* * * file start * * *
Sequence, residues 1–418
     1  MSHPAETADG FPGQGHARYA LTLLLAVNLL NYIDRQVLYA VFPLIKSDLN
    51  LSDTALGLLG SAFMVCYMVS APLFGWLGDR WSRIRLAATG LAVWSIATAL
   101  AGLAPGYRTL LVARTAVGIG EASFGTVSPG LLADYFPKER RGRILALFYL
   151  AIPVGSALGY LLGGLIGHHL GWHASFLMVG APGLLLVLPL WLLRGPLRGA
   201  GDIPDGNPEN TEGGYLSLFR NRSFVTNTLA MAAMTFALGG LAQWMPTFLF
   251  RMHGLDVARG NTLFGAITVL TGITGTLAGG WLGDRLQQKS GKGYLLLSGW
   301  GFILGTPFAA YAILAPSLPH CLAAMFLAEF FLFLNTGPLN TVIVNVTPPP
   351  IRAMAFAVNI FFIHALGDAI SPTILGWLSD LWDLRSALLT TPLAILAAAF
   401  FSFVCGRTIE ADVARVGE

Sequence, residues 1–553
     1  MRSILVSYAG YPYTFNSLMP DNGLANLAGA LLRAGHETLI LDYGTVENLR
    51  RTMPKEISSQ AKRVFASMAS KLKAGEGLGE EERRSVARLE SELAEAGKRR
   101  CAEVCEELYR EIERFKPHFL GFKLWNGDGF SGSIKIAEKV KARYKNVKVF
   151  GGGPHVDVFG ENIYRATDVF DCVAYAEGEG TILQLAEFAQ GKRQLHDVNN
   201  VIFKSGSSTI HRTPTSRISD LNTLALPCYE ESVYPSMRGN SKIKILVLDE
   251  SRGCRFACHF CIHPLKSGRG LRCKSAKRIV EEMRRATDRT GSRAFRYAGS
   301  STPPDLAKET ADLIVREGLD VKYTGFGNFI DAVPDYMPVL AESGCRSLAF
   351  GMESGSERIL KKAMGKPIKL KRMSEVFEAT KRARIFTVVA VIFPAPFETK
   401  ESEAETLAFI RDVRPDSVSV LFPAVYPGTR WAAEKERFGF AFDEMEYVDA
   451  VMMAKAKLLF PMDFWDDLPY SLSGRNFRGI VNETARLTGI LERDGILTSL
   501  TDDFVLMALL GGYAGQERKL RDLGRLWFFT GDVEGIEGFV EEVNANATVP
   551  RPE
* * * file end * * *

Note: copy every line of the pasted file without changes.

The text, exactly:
Sequence, residues 1–418
     1  MSHPAETADG FPGQGHARYA LTLLLAVNLL NYIDRQVLYA VFPLIKSDLN
    51  LSDTALGLLG SAFMVCYMVS APLFGWLGDR WSRIRLAATG LAVWSIATAL
   101  AGLAPGYRTL LVARTAVGIG EASFGTVSPG LLADYFPKER RGRILALFYL
   151  AIPVGSALGY LLGGLIGHHL GWHASFLMVG APGLLLVLPL WLLRGPLRGA
   201  GDIPDGNPEN TEGGYLSLFR NRSFVTNTLA MAAMTFALGG LAQWMPTFLF
   251  RMHGLDVARG NTLFGAITVL TGITGTLAGG WLGDRLQQKS GKGYLLLSGW
   301  GFILGTPFAA YAILAPSLPH CLAAMFLAEF FLFLNTGPLN TVIVNVTPPP
   351  IRAMAFAVNI FFIHALGDAI SPTILGWLSD LWDLRSALLT TPLAILAAAF
   401  FSFVCGRTIE ADVARVGE

Sequence, residues 1–553
     1  MRSILVSYAG YPYTFNSLMP DNGLANLAGA LLRAGHETLI LDYGTVENLR
    51  RTMPKEISSQ AKRVFASMAS KLKAGEGLGE EERRSVARLE SELAEAGKRR
   101  CAEVCEELYR EIERFKPHFL GFKLWNGDGF SGSIKIAEKV KARYKNVKVF
   151  GGGPHVDVFG ENIYRATDVF DCVAYAEGEG TILQLAEFAQ GKRQLHDVNN
   201  VIFKSGSSTI HRTPTSRISD LNTLALPCYE ESVYPSMRGN SKIKILVLDE
   251  SRGCRFACHF CIHPLKSGRG LRCKSAKRIV EEMRRATDRT GSRAFRYAGS
   301  STPPDLAKET ADLIVREGLD VKYTGFGNFI DAVPDYMPVL AESGCRSLAF
   351  GMESGSERIL KKAMGKPIKL KRMSEVFEAT KRARIFTVVA VIFPAPFETK
   401  ESEAETLAFI RDVRPDSVSV LFPAVYPGTR WAAEKERFGF AFDEMEYVDA
   451  VMMAKAKLLF PMDFWDDLPY SLSGRNFRGI VNETARLTGI LERDGILTSL
   501  TDDFVLMALL GGYAGQERKL RDLGRLWFFT GDVEGIEGFV EEVNANATVP
   551  RPE